BTW, when comparing tax rates between the UK and most other EU countries, you must add UK Income Tax and NIC, and bear in mind that in most other EU territories, all income-based taxes are raised locally, and the central government portion transferred from local government to the national treasuries. In Denmark, for example, you do not pay a separate Council Tax.
What strikes me about UK taxation is how opaque the system is. Labour and the Tories are equally responsible for this. It’s about time that the UK joined the civilised world.
“Hmm, well I worked in Copenhagen nearly every week for 18 months a few years back (although still paid and taxed out of the UK) and I’m still an occasional visitor. I have to say my discussions with locals don’t bear this out. I seem to recall a lowest marginal rate of taxation at 56% at one time. You’re absolutely correct that you get more back in way of world-class public services as a result, but the point is that you can’t make any claims about Britain lagging behind our competitors in VAT rates when our rates of income tax lag even further.
“I’d certainly support your call to simplify our approach to raising and collecting taxes, but mostly to increasing them.” [Brownie]
I’m not sure what a “lowest marginal rate of taxation” is, but the figure you quote of 56% resembles the total income deduction of a highly-paid professional. That is: local and national income taxes, unemployment insurance (voluntary), union subs and a few other bits and bobs, all of which are explained in exquisite detail on employee payslips. The Danes really do believe in progressive taxation, and for them a high sales tax is part of their economic philosophy.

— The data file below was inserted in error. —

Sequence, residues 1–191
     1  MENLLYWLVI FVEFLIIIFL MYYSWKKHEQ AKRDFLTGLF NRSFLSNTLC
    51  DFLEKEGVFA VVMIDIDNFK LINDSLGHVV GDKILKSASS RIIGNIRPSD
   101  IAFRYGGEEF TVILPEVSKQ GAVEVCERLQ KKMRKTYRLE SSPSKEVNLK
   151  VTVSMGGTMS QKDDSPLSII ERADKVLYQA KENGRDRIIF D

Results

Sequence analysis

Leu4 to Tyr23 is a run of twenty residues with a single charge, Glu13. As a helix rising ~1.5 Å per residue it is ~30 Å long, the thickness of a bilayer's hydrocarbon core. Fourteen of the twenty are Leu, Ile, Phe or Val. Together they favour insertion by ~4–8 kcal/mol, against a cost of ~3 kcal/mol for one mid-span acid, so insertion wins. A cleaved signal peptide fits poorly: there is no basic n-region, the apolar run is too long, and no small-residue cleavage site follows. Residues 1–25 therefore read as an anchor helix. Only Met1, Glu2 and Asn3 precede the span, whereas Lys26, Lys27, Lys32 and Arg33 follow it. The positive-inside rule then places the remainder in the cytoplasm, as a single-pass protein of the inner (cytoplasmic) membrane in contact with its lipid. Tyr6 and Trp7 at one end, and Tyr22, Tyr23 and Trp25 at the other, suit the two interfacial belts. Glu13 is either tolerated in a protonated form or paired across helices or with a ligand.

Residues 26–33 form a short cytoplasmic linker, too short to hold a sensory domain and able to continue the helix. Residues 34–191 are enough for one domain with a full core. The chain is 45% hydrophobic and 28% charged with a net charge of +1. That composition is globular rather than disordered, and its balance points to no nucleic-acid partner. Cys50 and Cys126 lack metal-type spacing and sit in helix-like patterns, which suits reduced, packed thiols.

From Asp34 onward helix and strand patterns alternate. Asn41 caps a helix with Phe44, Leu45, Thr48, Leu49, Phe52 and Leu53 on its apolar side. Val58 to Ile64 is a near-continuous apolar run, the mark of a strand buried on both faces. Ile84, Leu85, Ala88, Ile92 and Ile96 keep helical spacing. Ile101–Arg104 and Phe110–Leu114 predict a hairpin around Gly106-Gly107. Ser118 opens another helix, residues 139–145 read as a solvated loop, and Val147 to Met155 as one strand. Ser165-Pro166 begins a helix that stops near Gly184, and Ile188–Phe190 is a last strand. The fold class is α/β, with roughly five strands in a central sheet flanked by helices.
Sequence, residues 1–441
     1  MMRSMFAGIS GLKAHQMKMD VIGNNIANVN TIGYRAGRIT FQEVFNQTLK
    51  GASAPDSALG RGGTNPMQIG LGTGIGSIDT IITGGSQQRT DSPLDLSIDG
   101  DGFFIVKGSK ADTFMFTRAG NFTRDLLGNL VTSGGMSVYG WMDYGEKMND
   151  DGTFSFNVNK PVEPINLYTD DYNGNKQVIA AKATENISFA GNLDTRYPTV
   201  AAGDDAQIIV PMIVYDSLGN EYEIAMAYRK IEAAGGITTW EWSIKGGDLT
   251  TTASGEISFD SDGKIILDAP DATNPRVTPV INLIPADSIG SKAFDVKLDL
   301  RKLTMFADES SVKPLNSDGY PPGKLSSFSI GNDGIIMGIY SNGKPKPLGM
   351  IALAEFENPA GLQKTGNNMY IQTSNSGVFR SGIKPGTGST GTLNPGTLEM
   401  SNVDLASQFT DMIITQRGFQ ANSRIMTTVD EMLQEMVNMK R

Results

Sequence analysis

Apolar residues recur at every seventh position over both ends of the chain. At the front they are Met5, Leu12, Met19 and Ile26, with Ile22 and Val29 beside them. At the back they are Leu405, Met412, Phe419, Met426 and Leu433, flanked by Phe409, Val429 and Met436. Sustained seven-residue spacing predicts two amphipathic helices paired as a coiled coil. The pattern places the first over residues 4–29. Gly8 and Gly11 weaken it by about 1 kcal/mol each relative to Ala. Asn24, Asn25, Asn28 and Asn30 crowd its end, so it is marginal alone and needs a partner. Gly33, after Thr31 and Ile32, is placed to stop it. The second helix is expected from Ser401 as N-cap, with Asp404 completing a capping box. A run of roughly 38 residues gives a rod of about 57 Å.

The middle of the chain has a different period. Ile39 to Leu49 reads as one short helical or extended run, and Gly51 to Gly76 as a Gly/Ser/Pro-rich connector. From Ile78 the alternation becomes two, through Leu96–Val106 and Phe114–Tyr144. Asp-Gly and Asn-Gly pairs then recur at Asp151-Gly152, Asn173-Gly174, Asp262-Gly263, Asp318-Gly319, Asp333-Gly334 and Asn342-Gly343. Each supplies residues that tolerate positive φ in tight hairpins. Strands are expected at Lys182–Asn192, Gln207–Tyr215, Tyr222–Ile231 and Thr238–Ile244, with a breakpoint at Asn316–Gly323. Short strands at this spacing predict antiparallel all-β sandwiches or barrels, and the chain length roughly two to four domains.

Now I’m not defending the Danish social-democratic-liberal economic model. There are serious criticisms to be made of it, just as there may be issues with the British Lib-Con deficit reduction strategy. But from what I can see such criticisms are not being made by politicians. Give me Paul Mason discussing inflationary pressures, or Stephanie Flanders on household expenditure and VAT, but dear Lord spare us Miliband Minor, Alan Johnson,… and Gordon MacMillan!
Oh, and as for Danes and their personal taxes, they have a habit of complaining bitterly to Brits about how hard done-by they are, but the tone is very different when discussing such matters with each other, in their own language. It’s a cultural thing.